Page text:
For third-generation Irish-American Sean Corrigan, the past is whatever happened yesterday. Then, on his 21st birthday, his father gives him a musty leather-bound journal that changes his life. Written by his uncle, Michael, a man Sean never even knew existed, it draws Sean into a hunt for the truth. Did Michael, a former NYPD detective, really kill a black civil rights worker? When he fled the United States to hide in Ireland, why was he killed by the British? Who is the beautiful, auburn-haired Kate, and why does Sean feel so strongly that he remembers her?
Determined to solve the mystery of his uncle’s murder, Sean travels to Ireland, where he is caught up in the lives of people who not only know about Michael but have a score to settle. As his connection to his uncle grows stronger, Sean realizes that the journal also carries the story of his own life - his past as well as his future.
Would you consider the audio edition of Until the Next Time to be better than the print version?
Personally, I don't like reading any accents. So the audio version of the Irish accent was the best way to enjoy this book.
What other book might you compare Until the Next Time to and why?
This book reminds me of the Da Vinci Code
What about Oliver Wyman’s performance did you like?
I liked the emotion he kept in the story.
Did you have an extreme reaction to this book? Did it make you laugh or cry?
It made me laugh. I married into an Irish family. So the observations about the Irish, by an Irishman, made me laugh.
Any additional comments?
This book has many layers and is thoroughly entertaining. It is a great book for a book club because there is a lot to talk about: war, love, spirituality, and politics.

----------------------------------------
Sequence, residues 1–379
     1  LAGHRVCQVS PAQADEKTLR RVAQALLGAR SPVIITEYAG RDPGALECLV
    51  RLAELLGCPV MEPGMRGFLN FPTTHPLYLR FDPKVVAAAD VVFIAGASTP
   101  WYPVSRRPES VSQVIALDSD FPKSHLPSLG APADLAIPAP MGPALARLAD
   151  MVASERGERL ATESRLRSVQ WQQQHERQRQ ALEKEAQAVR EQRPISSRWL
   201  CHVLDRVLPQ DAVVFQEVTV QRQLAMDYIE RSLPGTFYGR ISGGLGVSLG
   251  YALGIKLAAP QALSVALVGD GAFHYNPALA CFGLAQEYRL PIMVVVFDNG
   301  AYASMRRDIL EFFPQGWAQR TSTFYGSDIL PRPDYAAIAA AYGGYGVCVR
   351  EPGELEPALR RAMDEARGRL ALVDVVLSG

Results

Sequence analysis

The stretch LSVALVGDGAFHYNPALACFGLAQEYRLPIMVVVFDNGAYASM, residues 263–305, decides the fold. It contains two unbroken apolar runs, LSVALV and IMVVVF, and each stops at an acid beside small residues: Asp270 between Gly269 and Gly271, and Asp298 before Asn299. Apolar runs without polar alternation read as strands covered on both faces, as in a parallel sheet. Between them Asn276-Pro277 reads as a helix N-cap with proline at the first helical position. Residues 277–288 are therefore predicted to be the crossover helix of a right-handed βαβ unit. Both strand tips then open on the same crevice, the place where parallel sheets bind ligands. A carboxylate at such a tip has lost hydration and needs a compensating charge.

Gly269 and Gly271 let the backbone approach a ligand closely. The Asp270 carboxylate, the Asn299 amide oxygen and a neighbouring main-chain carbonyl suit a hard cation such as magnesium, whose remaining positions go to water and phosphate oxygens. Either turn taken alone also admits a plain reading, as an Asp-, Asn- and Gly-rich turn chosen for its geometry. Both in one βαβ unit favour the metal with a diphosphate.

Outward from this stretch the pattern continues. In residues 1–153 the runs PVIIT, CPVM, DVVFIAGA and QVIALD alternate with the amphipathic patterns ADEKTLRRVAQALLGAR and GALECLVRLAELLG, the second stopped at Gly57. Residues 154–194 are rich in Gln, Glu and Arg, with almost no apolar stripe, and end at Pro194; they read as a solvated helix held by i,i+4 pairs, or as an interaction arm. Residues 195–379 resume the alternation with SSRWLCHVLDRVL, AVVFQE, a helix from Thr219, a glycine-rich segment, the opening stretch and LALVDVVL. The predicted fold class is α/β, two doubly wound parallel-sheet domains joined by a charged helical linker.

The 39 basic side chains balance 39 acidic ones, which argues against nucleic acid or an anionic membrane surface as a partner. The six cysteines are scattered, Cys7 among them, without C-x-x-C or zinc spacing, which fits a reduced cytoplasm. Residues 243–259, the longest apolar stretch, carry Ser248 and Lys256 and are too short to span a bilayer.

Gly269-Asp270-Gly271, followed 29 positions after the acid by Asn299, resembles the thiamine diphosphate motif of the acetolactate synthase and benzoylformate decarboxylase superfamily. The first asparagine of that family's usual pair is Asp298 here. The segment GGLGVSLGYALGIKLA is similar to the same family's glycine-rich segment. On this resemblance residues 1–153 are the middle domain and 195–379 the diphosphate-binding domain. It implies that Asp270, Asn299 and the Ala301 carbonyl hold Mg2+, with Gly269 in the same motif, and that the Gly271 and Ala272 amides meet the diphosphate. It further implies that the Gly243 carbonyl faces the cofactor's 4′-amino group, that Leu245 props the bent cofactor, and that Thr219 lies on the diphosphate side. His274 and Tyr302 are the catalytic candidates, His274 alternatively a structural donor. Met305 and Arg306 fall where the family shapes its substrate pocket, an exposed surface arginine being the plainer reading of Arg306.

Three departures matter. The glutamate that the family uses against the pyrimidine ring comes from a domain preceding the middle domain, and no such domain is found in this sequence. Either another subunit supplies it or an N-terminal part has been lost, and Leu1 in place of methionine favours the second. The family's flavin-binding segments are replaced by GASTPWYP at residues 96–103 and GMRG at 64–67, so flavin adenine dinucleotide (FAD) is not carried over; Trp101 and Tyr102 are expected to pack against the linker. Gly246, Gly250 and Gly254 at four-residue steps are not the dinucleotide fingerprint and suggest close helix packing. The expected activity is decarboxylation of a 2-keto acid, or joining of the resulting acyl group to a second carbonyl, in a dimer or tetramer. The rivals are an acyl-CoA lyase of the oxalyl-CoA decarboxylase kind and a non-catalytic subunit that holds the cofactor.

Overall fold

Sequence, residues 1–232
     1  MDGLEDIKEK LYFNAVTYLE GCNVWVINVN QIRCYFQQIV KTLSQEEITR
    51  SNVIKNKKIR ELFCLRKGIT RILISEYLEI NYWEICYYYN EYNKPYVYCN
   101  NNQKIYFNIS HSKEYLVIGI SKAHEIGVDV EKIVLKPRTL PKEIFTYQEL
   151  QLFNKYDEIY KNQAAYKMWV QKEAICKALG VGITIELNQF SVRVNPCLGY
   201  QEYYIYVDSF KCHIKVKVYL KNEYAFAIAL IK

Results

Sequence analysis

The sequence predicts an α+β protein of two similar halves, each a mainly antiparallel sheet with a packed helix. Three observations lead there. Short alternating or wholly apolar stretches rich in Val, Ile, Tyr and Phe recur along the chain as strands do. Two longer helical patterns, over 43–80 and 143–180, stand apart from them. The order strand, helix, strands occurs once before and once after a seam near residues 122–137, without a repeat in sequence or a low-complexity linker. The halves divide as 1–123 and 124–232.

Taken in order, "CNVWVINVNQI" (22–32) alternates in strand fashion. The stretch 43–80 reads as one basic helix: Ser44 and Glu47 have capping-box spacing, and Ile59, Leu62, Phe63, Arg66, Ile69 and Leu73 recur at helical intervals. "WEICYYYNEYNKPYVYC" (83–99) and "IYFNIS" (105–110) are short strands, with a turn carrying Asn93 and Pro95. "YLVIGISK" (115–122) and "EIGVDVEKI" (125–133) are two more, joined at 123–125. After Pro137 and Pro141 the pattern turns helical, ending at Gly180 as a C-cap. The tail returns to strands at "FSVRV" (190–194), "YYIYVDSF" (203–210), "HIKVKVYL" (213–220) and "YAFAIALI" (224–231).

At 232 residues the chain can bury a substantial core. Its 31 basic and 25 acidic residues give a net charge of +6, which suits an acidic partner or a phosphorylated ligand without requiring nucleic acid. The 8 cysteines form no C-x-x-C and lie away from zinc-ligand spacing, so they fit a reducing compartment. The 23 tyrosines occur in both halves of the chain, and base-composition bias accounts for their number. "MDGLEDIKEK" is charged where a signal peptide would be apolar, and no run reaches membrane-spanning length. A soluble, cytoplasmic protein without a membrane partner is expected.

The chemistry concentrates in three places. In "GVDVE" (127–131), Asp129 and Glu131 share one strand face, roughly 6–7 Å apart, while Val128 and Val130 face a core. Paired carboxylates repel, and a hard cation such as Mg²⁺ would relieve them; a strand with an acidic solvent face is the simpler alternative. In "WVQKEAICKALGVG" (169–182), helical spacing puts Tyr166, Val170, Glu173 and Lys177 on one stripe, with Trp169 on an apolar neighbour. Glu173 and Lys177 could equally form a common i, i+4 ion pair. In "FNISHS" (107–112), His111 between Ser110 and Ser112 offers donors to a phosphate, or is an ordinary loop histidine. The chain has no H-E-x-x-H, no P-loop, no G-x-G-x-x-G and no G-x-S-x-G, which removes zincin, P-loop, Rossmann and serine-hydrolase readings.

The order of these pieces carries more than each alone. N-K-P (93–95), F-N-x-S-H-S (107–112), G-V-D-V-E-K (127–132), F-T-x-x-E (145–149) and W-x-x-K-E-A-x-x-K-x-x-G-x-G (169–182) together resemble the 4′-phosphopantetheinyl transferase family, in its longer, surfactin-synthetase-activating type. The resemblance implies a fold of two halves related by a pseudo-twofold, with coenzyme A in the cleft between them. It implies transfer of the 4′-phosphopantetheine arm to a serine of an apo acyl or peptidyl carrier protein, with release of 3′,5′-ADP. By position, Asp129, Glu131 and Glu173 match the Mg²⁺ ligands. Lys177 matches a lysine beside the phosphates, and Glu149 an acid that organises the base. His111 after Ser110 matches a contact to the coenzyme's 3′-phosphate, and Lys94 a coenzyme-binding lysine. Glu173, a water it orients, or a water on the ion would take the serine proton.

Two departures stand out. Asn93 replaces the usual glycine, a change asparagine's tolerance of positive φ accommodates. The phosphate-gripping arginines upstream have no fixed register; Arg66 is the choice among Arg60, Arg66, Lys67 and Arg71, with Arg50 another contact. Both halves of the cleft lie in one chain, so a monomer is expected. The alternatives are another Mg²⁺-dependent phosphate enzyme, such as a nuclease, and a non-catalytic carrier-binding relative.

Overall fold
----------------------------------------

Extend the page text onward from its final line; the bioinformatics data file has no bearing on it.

1 of 1 people found this review helpful
This book is full of drunken, quasi-philosophical, crypto-religious ramblings on the topic of reincarnation The plot, what there is of it, is disjointed and incoherent. The narrator's voice is friendly, and his command of the Irish brogue is marvelous. However, the five-minute sample that we get to listen to is highly unrepresentative of the novel, to the point at which I feel baited-and-switched by Audible. The actual country, Ireland, is full of natural beauty, vivid historical places and the warmest people I have ever met. Ireland has also produced some truly great writers over the decades: poets, fiction and non-fiction writers. Mr. Fox is not among them. You never really get the feel of the place. What you do get is a lukewarm, ale-soaked, multiple-hour, indigestible lump of prose, to paraphrase my favorite writer, Tim Hallinan. Don't bother with this one, dear fellow reader. There are so many that are so much more worth your time.
1 of 3 people found this review helpful